I’ve had the honor and bliss to interview one of my favorite tattoo artists – Christa Z. LaNatra from Into The Woods Gallery and Tattoo Studio in Florida! enjoy 🙂
How long have you been tattooing?
I’ve been around the tattoo industry for the last 10 years, tattooing for around 7 1/2 years with the last 5 years being full-time ever since I graduated from the Art Institute of Fort Lauderdale (got my bachelor’s degree in Illustration-not related to the tattooing).
When was your first encounter with the world of tattoos and what attracted you to it?
My first encounter was meeting my husband Frank. It was my first class in college at the Art Institute where I met Frank and got to know him & I had never seen really great tattoos before. His work was so amazing and beautiful to me as an artist especially, I fell in love and wanted to know all about it. We were both studying animation, so our career focus was that & school, as Frank had already been tattooing since the late 90’s, early 2000’s when we met, but we hung out at the shop 2-3 days a week and I would watch him tattoo and interact with clients and really liked everything about it.
It didn’t take long before Frank was teaching me as we were falling for each other, I was falling for tattooing. I started getting them and haven’t stopped since.
I definitely didn’t have a traditional apprenticeship, I was taught by not only my boyfriend-husband who is the best teacher & friend out there, not to mention badass and insanely talented, but I did have a regular apprenticeship at a street shop with all men. I was 20 when I started and I went through a long, hard apprenticeship. I wanted to pay my dues and learn the right way and pay respect to it. I believe in showing appreciation for your mentors, everyone who came before you, the way of life and everything else that goes with being a tattoo artist.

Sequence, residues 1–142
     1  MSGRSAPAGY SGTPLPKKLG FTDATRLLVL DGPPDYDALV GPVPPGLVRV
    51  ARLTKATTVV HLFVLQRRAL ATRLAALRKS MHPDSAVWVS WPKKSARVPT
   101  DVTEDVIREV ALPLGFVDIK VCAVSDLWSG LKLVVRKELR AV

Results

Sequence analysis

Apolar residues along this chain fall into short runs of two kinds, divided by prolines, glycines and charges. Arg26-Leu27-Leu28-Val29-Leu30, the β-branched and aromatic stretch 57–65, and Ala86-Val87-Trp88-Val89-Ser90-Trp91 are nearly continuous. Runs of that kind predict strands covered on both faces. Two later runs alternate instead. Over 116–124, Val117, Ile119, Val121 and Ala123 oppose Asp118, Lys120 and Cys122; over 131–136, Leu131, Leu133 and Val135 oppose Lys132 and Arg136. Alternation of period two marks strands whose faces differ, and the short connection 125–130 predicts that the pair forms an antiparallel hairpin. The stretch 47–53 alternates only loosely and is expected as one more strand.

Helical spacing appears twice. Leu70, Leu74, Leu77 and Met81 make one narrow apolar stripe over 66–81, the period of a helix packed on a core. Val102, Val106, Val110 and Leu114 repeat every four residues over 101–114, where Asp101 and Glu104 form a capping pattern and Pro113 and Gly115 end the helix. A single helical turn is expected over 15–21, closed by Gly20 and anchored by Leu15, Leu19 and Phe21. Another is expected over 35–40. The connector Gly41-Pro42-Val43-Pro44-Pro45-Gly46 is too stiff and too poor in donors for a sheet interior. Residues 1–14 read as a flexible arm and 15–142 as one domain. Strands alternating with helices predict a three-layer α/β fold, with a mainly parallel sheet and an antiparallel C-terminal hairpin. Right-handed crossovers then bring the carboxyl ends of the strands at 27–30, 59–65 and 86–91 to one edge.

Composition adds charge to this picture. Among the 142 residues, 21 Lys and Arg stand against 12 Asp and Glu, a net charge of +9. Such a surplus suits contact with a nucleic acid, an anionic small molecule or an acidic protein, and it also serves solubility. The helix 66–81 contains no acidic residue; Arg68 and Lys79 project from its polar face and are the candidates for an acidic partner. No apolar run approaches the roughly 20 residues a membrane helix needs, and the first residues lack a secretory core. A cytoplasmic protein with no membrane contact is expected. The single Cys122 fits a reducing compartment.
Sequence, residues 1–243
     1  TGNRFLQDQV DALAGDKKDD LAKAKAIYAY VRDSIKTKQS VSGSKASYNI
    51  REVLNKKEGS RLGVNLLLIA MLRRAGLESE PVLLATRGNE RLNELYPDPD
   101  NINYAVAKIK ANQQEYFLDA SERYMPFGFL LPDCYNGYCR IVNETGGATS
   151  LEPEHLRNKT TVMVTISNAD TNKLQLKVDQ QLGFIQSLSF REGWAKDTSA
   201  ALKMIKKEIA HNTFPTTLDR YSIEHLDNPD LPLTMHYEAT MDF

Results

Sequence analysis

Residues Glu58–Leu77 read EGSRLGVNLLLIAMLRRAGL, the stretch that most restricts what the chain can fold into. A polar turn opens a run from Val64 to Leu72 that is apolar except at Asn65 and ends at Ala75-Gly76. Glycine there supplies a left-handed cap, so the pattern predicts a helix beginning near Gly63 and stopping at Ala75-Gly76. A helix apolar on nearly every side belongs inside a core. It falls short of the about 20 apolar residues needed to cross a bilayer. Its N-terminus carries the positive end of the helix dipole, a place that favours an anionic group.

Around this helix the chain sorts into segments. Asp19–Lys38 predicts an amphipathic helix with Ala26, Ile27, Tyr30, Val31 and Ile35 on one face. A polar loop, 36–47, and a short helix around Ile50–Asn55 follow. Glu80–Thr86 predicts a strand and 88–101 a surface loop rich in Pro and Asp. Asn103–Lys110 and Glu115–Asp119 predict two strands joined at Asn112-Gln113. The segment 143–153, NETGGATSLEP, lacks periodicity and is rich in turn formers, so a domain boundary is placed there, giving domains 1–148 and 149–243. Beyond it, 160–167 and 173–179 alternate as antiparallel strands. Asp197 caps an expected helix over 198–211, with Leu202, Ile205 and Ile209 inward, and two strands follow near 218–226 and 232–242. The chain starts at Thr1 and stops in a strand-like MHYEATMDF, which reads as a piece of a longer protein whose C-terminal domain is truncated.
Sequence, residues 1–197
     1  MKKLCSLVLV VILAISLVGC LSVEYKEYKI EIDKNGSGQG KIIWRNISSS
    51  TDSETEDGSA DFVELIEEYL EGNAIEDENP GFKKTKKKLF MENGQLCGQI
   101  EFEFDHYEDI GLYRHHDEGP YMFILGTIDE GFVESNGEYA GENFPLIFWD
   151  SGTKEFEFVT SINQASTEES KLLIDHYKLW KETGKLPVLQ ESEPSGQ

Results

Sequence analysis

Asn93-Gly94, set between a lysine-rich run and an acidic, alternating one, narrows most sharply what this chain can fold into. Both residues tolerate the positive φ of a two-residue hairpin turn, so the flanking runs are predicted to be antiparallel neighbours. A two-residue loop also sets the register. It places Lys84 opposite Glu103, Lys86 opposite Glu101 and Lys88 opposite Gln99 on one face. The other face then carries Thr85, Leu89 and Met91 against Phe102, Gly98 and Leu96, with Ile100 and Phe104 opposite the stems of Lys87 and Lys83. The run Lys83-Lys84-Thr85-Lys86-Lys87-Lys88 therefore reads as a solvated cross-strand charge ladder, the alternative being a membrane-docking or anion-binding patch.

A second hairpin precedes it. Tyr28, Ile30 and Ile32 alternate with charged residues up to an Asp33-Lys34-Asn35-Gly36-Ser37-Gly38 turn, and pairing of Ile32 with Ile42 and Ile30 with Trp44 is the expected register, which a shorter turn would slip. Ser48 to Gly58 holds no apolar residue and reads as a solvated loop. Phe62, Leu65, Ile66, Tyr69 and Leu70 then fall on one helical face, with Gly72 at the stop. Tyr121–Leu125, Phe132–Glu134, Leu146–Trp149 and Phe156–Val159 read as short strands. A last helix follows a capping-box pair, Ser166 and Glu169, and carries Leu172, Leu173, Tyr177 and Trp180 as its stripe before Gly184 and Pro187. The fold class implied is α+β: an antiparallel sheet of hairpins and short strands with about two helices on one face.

2 years into our education, we switched majors to Illustration as Frank’s career in tattooing started to take off and I was nearing the end of my apprenticeship.
We then graduated the summer of 2012 and opened Into the Woods Gallery in November that year.
When did you decide you wanted to become a tattoo artist?
This happened organically for me as I was apprenticing but not really sold on he whole tattooing thing until I started getting tattooed and was addicted immediately. I fell in love with the whole industry & lifestyle of tattooing and I feel honored everyday to have this job. It’s more than a job to me, I’m helping people express themselves and heal and building bonds and friendships that I wouldn’t have otherwise.
How did you plan to accomplish that and how did it actually happen?
I didn’t really plan on being a tattoo artist, I planned on learning the trade and did everything I needed to to get that done, but meeting Frank was definitely the catalyst that made it possible.
What do you remember about your training/apprenticeship?
I remember a lot of work and tears haha. I didn’t have a thick skin when I started my apprenticeship but I do now. I was taught the old school way in a regular shop with 4-5 guys above me tattooing and I put my all into it. I also learned in the old days of coil machines and metal tubes that I would have to scrub everyday for 2-3 hours. Now it’s so much easier for apprentices with everything being disposable and more women in the industry is making it easier for other women to get into it. It’s also much more of an art form now than it was when I started.